Letters, &c. written in America. The deep interest which the subject of this Memoir took in the spiritual interests of her acquaintance may be learned by the following extracts from her letters. She appeared intent on doing good to every one over whom she could exert any influence, and cheerfully seized every opportunity presented for this purpose. The correspondence with Miss G. commenced before that lady was a hopeful subject of grace. She subsequently experienced religion, and now occupies an interesting station in the church.

Sept. 27th. 1823. “ Respected and beloved Friend. The last social interview I enjoyed with you at H. excited in my mind a desire that our acquaintance which, though short, to me has been pleasant, might be continued; and a belief that a cultivation of it by written correspondence, would be not only pleasant, but improving.

“I cannot for a moment doubt the sincerity of your expressions, uttered appa

rently in the frankness and simplicity of truth, informing me that religion appeared to you to be that all-important subject, demanding our earliest attention and most diligent search. With pleasure then I will fix on this which, among various others presenting themselves for our consideration, is of paramount interest on account of its own intrinsic value, and of the awful and sublime realities it presents to view.

“Oh how lost to the most serene joys and delightful anticipations, are those who treat this subject with neglect. And how grateful ought we to be, if divine grace has inclined us to attend to it now in the days of our youth. This alone can make us to differ; for the natural bias of our inclinations is to “evil only and that continually.” Yes, it is through riches of sovereign grace, that any ever have, or ever will enter the New Jerusalem; for all by nature choose the broad road of sin and death. Scripture plainly declares this truth, and surely it is abundantly confirmed by the experience of all who are enlightened by the Spirit of God.

“That friendship which is founded on the basis of christian affection is of all others the most pure, exalted, and endearing. May I not hope, that this divine principle

shall cement our hearts in its bonds, that it shall flourish in this unfriendly clime, nburished under the effulgent beams of the Sun of Righteousness, and finally be perfected in the regions of consummate bliss ;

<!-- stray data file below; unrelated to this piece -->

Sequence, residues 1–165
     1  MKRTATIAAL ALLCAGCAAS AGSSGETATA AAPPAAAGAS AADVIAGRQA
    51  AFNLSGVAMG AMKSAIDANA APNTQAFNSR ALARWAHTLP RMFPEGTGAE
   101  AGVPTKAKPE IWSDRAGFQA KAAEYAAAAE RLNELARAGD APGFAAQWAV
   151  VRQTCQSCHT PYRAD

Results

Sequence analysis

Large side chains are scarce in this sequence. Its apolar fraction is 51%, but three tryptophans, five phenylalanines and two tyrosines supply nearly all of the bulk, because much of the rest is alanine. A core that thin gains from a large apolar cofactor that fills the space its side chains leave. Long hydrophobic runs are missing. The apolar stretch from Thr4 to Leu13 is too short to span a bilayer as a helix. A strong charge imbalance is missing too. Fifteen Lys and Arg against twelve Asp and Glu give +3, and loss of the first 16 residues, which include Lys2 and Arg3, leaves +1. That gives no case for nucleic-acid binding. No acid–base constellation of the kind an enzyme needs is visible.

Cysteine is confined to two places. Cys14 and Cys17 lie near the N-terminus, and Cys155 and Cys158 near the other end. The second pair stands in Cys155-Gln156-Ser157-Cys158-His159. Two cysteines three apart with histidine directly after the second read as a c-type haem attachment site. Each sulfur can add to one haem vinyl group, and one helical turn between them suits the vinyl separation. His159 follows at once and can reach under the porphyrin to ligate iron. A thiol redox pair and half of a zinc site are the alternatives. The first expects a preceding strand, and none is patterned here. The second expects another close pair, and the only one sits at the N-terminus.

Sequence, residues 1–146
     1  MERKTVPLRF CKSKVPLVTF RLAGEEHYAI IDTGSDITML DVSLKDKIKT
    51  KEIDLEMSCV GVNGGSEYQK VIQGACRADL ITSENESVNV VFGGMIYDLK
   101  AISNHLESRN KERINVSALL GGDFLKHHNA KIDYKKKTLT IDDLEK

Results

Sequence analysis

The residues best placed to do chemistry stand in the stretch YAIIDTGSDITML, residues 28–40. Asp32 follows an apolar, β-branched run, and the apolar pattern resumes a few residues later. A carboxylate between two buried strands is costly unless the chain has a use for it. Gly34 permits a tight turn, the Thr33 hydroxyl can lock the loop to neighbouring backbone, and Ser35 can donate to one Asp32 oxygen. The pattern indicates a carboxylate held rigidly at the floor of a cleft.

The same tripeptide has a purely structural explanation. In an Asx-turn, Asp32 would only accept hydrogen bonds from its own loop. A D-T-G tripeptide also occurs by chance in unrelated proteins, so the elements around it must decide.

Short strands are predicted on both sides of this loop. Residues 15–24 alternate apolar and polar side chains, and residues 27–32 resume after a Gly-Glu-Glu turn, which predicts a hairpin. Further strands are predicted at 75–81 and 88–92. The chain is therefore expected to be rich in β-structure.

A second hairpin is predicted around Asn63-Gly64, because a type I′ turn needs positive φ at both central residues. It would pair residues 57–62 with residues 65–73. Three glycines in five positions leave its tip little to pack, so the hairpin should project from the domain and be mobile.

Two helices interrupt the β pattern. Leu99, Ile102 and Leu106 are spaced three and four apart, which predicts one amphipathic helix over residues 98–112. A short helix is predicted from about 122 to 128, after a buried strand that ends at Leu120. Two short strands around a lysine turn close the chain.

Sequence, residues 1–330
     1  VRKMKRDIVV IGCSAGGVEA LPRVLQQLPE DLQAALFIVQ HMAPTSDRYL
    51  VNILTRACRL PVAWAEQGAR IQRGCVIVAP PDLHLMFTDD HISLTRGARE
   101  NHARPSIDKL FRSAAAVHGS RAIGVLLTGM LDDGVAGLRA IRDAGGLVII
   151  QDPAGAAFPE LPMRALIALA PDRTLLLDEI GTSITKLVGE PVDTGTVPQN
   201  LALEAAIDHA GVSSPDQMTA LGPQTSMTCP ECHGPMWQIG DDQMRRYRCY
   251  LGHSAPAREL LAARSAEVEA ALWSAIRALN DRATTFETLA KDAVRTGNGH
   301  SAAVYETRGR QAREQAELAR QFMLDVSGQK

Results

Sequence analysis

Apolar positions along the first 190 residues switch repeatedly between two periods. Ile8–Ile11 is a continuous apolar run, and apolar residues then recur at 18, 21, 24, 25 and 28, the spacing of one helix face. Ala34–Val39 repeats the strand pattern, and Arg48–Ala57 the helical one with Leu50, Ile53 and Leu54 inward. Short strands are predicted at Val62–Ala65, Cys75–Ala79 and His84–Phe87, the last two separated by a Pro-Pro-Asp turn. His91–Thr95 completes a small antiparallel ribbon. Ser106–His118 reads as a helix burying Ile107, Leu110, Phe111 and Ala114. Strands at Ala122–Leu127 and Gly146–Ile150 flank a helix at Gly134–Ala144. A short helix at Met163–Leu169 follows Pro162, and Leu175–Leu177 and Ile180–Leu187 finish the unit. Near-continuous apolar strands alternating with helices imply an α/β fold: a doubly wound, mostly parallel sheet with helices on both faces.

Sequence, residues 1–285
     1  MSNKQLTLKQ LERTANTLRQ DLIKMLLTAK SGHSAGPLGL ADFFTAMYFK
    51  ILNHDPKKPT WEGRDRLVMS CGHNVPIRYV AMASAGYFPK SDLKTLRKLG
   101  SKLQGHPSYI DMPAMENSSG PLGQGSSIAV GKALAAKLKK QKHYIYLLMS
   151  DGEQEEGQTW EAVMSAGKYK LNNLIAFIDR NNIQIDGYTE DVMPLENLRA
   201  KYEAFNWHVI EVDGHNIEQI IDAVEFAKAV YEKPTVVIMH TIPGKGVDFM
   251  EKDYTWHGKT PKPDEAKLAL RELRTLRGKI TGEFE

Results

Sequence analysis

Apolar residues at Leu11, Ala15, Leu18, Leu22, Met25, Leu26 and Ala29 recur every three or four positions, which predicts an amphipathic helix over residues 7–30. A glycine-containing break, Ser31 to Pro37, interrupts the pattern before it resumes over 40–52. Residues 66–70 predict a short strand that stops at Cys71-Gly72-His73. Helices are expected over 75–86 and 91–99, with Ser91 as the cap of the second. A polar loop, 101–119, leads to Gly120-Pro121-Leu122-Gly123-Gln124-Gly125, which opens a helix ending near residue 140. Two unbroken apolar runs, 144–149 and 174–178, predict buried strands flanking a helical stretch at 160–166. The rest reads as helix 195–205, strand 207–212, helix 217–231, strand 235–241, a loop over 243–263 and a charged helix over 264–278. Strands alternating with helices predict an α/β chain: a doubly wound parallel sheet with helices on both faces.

" Where Jesus sheds the mildest beams

Of his o'erflowing grace." “In the first place, let us be sure that we enter by the “door” into the fold of the good Shepherd. Christ informs us of soine who climb up some other way, whom he calls “ thieves and robbers.” Have we then experienced that change of heart without which his gospel declares, none shall enter the kingdom of heaven ? Have we that godly sorrow for sin that worketh repentance unto salvation? Do we hate sin because it is offensive to a just and holy God ? Are we willing to renounce it, deny ourselves, take up the cross and follow Christ? Do we love the character of the Saviour, and do we cheerfully and heartily submit ourselves to his disposal, trusting in his atoning sacrifice and perfect righteousness as our only hope of pardon and salvation. I long to hear, my friend, that you are rejoicing in hope. You appeared, when I conversed with you, to have a just view of the evil nature of sin, and of the

bentance sorrow of heaven

necessity of a thorough renovation of heart. Perhaps, ere this, you have satisfactory evidence of an interest in that precious Saviour who shed his own blood for the redemption of the guilty, to whom mercy on no other terns could be granted. He is now exalted to give redemption and remission of sins, and none, however vile, who come to him, shall be cast out. He invites, yea, commands us to come to him, and dreadfully aggravated must be our doom if we refuse. On the other hand, blessings unnumbered, unspeakable, divine,' await us if we obey.

“I have been informed of your return to H. for the purpose of pursuing your favorite employment. May you have the satisfaction of seeing your pupils delight in the paths of literature, and may the instructions you are enabled to give them, guïde their tender minds to virtue and religion. I have often reflected on the situation of instructors of children and youth as involving peculiar responsibility. Immortal souls are committed to their care, and characters are to be formed by them for eternity. To God they are amenable for their manner of instructing both by precept and example. Blessed indeed will they be, who shall receive the plaudit, “Well done, good and faithful servant.

6 Sabbath Morning:— With pleasure may we hail the return of this sacred, delightful Sabbath, and though distant from each other, may our devotions and praises arise in unison with all the saints, as incense before the throne, acceptable through the mediation of our great High Priest and Intercessor. How unspeakable the condescension which permits worms of the dust to hold communion with the great Supreme, the everlasting God! But shortly these services must be exchanged for the songs of the redeemed, or the wailings of eternal despair. How important that we live in constant readiness for death. What do we lose, if we come short of Heaven! What shall it profit, should we gain the whole world, and lose our own souls ! What satisfaction can a recollection of the honors and pleasures of the world afford in the dreary mansions of woe ? Oh! they would but augment the gnawings of the worm that never dies. But how joyful in the regions of bliss must be the recollection of opportunities for usefulness faithfully improved. Let such considerations animate us to diligence in securing our own salvation, and in striving to promote the spiritual interests of those around us.

Yours in the bonds of affection.
Miss G.

M. W." ;

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